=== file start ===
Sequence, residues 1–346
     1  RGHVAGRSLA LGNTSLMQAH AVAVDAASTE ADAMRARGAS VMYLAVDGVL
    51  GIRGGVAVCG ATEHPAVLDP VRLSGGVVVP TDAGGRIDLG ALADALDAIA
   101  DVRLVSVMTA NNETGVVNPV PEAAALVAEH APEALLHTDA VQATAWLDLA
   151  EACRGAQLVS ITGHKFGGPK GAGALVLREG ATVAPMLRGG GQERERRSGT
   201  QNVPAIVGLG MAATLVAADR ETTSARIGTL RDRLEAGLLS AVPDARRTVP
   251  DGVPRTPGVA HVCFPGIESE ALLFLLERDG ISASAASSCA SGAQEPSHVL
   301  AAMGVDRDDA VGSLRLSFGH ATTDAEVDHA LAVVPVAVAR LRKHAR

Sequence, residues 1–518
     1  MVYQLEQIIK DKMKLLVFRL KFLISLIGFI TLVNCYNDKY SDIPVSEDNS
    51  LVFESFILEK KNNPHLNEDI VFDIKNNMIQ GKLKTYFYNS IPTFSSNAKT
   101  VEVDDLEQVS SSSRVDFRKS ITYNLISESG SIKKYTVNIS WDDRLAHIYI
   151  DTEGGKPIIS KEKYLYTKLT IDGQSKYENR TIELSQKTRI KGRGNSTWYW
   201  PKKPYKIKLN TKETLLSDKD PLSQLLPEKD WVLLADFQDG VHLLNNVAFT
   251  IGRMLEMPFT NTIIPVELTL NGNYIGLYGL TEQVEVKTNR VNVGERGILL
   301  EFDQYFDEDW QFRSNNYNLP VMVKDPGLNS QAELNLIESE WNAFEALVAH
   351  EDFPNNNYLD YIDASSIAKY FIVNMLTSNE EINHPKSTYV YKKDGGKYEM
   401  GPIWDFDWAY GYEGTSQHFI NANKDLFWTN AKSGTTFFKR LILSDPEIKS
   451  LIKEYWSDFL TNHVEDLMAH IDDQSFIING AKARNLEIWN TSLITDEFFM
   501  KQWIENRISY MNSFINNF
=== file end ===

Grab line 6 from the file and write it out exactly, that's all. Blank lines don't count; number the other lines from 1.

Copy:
   201  QNVPAIVGLG MAATLVAADR ETTSARIGTL RDRLEAGLLS AVPDARRTVP